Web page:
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UK: youth mobility boosts economy – BETA

The movement of under-35’s to the UK for education boosted the British economy by as much as £18.1bn in 2017, according to new statistics released by the British Educational Travel Association in conjunction with StudentMarketing.

ELT student numbers recovered in 2017, after several years of decline. Photo: BETA

ELT recovered in 2017 as Italian cohort remains strong

In total, 1.1 million young people travelled to the UK for some form of education, including schools, FE, HE and ELT. That’s from a total of 15.2 million visitors under 35 years of age, with a total revenue of £27bn.

“The report shows an increase in arrivals, but we’re aware its pace is slower than our competitors”

This indicates the study travel sector is punching well above its weight in terms of income per head. For example, although holidaymakers formed 42% of the visitors to Great Britain and Northern Ireland in 2017, they brought only 15% of the revenue for this age bracket.

Higher education, conversely, brought 3% of the visitors to the country – while raking in 52% of the income measured by BETA. It is the most important UK youth travel sector for the economy, these statistics confirm.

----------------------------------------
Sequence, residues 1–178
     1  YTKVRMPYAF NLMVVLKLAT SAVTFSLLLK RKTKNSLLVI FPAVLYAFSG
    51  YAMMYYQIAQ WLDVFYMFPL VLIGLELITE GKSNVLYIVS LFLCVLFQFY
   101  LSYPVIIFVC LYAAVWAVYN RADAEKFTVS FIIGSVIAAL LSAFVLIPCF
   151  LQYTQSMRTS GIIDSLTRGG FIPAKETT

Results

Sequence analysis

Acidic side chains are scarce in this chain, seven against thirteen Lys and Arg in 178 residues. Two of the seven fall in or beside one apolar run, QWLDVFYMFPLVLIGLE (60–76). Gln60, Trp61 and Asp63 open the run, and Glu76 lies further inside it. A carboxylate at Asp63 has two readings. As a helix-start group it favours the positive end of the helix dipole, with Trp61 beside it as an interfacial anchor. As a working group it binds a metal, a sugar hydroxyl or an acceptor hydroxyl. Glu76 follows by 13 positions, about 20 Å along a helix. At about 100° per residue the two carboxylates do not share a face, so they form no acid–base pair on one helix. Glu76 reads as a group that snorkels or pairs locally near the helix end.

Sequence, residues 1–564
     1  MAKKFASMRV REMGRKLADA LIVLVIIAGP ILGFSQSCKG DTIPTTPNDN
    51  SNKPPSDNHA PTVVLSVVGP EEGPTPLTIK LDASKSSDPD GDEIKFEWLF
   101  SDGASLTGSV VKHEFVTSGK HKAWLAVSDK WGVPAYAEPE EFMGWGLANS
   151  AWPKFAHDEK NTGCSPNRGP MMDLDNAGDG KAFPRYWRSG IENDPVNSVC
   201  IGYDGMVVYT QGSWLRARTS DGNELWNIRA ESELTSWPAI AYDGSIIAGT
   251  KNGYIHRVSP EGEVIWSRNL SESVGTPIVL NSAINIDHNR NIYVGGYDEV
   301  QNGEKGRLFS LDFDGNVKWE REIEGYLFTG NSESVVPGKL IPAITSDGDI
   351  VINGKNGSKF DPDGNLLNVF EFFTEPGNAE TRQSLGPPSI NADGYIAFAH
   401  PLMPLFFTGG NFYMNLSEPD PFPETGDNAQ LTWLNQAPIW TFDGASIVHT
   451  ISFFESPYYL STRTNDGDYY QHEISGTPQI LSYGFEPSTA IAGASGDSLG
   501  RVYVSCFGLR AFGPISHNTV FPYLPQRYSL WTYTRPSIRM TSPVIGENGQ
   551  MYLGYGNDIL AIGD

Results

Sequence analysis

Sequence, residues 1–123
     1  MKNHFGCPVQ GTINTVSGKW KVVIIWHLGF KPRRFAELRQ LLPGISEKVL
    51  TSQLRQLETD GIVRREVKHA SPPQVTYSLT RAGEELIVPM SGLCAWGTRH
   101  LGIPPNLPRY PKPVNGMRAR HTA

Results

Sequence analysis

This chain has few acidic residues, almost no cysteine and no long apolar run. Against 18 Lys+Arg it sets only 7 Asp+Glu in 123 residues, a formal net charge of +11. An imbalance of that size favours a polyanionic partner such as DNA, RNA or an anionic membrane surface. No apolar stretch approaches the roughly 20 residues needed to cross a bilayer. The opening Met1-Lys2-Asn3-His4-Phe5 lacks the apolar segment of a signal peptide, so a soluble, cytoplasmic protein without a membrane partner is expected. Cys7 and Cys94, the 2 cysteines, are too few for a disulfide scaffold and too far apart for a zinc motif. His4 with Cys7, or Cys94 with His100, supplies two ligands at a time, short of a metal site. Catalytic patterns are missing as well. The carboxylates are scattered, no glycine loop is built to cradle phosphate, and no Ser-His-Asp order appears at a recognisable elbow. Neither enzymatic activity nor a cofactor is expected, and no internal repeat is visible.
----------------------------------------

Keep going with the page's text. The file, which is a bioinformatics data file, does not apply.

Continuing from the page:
The reports also unveiled the number of people in work connected to the UK international education industry – a figure it puts at 265,000 – including 35,700 roles in the ELT sector.

The exact destination for the vast majority of these visitors was London, but Edinburgh and Manchester are also strong draws, with several other university cities featuring prominently. Brighton also appears in the top 10, arguably due to the prominence of the ELT industry in the town.

But the top source countries are less clear, with figures fluctuating between sectors.

In the schools sector, China is far and away the leader – with at least 2,000 students more than its nearest competitor (Hong Kong). But the report notes that key growth markets include the US and South Korea, with the latter improving by 19% year-on-year.

And China remains in a firm lead among mobile HE students, with an even greater lead (this time over the US) of 78,000 students. Hong Kong, India, and Malaysia all send around the same number of students as the US, and along with western European nations such as France, Nigeria features as a top sender – the only African nation to do so.

The ELT industry is divergent, though. It is dominated by European students, namely Italian but with Spanish, French, German and Swiss also prominent. Saudi Arabia and Japan are also top source nations for English tuition, despite not featuring elsewhere.

Crucially, numbers of students who came to study English recovered after several years of stalling and falling. While figures were not back to 2013 figures in 2017, the total did grow 14% and pass the 2015 sum.

“Whilst the report shows an increase in spend and number of arrivals, we are aware that its pace remains slower than that of our global competitors,” BETA expressed in a statement.

“But we need better support, a global marketing campaign to attract these valuable travellers, a revised and welcoming visa system and joined up thinking from the top down to ensure that we are able to compete on a global scale,” it concluded.

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